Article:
Mika yawned again, wondering why she felt so sleepy. It was actually becoming hard to keep her eyes open, which made no sense. She’d slept in late today, made love all afternoon, and then woken again in the early evening. Was she pregnant? And if so, why wasn’t she puking her guts out?
She swayed on her feet, first lightly, then more so. She blinked rapidly to fight the onslaught of weariness, only to find her vision blurring. And that’s when it suddenly hit her. What was happening had nothing to do with pregnancy or sleepiness.
Her mind flashed back to the wooden goblet of water sitting on the table in their tent.
Was it the Hanako? The Izanagi? Or had Noriko betrayed them?
Her mind swam as she called out Raizo’s name. She wasn’t the only one; she distantly heard Shiori shouting as a commotion ensued. But Mika was on her back now, fallen into the sands and listening to the frantic footfalls all around her. She heard shouts of “traitor” and “liar” as though voices came from miles away.
She was lay on warm sand, warm, soft sand. But then the earth beneath her hardened, stiffened against her back like planks of wood, while she was suddenly engulfed in cold…and too tired to even panic.
Raizo awoke, disoriented, not knowing where he was. He opened his eyes but could only see the dark. He felt something splash on him, something cold and liquid like rain, but he could also taste salt in his mouth.
What the hell…?
“Good,” an unfamiliar voice creepily called from the dark. It was male and silkily insidious, very much like Takeshi’s, and yet different somehow. Colder. Less bitter. “You’re waking up. Took you long enough.”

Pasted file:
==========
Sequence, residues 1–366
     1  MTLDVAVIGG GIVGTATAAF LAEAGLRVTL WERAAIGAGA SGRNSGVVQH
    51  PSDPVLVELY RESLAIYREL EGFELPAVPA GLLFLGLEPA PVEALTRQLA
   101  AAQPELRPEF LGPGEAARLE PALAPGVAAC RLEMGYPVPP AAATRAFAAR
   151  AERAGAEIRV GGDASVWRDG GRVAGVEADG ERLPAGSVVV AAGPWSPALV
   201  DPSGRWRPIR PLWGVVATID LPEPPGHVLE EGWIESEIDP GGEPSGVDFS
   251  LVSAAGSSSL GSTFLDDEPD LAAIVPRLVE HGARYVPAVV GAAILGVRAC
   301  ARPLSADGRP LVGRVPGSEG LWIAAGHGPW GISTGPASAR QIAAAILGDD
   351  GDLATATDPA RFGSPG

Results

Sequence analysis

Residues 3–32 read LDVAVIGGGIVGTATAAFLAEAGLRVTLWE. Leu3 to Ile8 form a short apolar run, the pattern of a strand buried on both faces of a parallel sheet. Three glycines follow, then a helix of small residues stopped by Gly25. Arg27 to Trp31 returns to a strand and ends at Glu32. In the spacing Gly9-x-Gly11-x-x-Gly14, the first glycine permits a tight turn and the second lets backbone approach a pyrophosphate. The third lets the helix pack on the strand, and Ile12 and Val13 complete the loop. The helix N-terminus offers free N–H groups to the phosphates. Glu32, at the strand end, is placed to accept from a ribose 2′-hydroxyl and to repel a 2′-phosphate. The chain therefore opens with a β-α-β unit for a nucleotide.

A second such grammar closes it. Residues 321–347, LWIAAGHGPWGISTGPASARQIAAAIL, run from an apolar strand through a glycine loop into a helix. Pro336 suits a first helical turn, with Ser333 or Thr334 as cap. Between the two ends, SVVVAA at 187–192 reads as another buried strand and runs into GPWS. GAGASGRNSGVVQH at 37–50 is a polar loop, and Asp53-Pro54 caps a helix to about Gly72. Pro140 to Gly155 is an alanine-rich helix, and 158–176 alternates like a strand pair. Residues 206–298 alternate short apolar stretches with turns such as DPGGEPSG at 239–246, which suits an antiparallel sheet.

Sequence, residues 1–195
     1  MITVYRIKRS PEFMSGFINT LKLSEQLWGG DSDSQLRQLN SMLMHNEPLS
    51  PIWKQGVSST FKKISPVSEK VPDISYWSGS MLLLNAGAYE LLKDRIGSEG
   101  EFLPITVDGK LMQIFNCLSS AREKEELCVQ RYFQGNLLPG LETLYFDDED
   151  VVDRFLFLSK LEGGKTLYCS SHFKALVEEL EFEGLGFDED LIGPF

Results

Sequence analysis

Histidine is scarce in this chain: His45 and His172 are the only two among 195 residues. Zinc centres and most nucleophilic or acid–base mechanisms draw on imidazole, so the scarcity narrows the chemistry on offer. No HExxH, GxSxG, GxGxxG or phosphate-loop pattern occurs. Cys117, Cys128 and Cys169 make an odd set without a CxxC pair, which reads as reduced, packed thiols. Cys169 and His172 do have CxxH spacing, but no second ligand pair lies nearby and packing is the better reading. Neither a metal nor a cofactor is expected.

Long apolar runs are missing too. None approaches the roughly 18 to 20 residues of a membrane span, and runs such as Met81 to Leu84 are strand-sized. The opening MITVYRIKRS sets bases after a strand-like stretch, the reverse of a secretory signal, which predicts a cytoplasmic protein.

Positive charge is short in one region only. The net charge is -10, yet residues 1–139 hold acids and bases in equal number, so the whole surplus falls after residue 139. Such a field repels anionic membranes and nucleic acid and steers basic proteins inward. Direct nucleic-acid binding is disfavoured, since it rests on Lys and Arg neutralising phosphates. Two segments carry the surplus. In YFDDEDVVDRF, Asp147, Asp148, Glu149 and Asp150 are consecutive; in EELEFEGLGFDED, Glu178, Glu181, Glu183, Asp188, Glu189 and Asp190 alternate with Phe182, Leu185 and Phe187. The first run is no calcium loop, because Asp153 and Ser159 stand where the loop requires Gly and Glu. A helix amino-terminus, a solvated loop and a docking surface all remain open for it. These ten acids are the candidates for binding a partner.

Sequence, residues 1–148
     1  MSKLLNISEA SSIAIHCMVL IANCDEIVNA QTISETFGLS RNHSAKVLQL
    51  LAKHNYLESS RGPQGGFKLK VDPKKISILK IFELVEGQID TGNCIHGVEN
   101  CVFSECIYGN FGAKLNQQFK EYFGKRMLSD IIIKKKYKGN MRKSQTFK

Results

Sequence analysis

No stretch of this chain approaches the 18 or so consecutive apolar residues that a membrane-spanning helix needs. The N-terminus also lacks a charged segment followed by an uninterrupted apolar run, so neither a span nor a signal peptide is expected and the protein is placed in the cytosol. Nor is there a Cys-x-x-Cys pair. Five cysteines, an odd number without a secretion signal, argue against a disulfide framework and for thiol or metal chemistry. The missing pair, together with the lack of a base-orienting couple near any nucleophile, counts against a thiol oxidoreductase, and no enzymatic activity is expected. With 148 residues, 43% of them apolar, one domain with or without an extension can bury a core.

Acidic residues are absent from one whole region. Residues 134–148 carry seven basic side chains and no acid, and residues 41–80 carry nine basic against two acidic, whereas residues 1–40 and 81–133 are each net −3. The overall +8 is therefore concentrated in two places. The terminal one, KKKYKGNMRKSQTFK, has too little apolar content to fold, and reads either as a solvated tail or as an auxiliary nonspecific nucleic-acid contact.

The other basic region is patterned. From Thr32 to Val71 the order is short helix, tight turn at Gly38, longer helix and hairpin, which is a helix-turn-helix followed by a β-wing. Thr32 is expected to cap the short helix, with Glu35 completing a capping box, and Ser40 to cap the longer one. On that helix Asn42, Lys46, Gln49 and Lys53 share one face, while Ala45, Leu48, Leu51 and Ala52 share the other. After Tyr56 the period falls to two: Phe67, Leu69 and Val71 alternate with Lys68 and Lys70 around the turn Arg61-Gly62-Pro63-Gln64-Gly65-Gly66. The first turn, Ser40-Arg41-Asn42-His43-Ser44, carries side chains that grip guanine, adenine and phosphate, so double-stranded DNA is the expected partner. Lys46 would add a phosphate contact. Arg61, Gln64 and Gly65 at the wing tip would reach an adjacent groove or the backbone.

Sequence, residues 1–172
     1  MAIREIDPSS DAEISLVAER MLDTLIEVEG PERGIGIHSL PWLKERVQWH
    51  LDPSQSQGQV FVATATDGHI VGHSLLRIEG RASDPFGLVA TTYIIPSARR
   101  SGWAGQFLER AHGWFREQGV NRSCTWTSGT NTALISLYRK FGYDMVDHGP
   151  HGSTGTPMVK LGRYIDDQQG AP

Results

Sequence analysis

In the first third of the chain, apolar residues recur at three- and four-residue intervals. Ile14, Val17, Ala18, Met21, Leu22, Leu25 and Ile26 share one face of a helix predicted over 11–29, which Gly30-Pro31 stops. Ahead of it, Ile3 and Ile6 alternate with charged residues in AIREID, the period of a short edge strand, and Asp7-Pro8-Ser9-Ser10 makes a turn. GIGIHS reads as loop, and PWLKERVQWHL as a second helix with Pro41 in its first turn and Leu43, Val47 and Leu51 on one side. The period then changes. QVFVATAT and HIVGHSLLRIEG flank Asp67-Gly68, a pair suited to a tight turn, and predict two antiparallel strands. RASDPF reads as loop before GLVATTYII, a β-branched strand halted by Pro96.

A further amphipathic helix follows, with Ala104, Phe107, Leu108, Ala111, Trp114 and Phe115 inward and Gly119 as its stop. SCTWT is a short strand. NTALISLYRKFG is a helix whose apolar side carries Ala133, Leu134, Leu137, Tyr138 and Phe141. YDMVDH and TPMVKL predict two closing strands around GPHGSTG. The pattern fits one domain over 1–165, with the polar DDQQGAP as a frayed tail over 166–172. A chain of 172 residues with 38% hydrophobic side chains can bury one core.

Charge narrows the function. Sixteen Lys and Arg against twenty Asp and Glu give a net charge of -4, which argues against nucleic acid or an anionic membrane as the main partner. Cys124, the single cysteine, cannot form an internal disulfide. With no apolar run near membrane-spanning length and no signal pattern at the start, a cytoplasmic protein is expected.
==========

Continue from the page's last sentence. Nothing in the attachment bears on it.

Raizo tried to speak, but he found his whole body was still sluggish and unmoving. The words seemed to thicken and still in his throat.
“Most people don’t transition well into the Shadow Lands,” the voice mocked, “but then again, it’s not a common skill to travel between worlds.”
Between worlds? Raizo blinked slowly. Am I dead?
“In fact,” the voice went on, “none but the Izanagi ever mastered the skill. Fuck, none of the other clans even know the skill exists.”
Izanagi, Raizo inwardly gasped.
He was too confused to panic. Even as his senses sharpened and his limbs slowly unlocked, Raizo still didn’t feel his heart thumping loudly in his chest.
He smell salt on the air now, and feel the regular spraying of water. Beneath him, hard wood planks seemed to subtly rock from side to side. He blinked, opening his eyes wider as his vision cleared, still seeing only pitch night…and masts…and black sails lit by pale and distant ghostly moonlight.
“I’m aboard a ship?” he murmured to himself, surprised he could even speak aloud. How the hell did he get from the desert to the sea aboard a rickety old wooden ship?
Raizo rose to his feet cautiously, looking at his surroundings. Indeed, he was on a ship, seemingly abandoned. There was nothing but black and open sea surrounding him. The black sails of the ship fluttered in ominous delicacy, and he still couldn’t place the moon’s exact location in the sky.
He was still in his desert warrior clothes; he pried off the soaked cloth about his head, breathing in rich salt sea air.
“Where the f—?”
“Don’t bother trying to figure out where you are, Raizo; you’ll hurt yourself in the process,” the voice snorted, seemingly bodiless and echoic at first, until a figured from across the bridge emerged from the shadowed cabin doorway. He was tall, very pale, very slender, and refined like a prince from the ancient days. His jet black hair was so long it reached his hips. His clothes were dark, plain, and he appeared unarmed.
“Hello, Raizo,” he greeted. “I am Izanagi Tsuyoshi, and you are on the Barge of the Damned.”
Raizo blinked. “I’m…dead?”
“No,” Tsuyoshi snickered, flashing an excruciatingly pretty grin. “Not yet anyway.”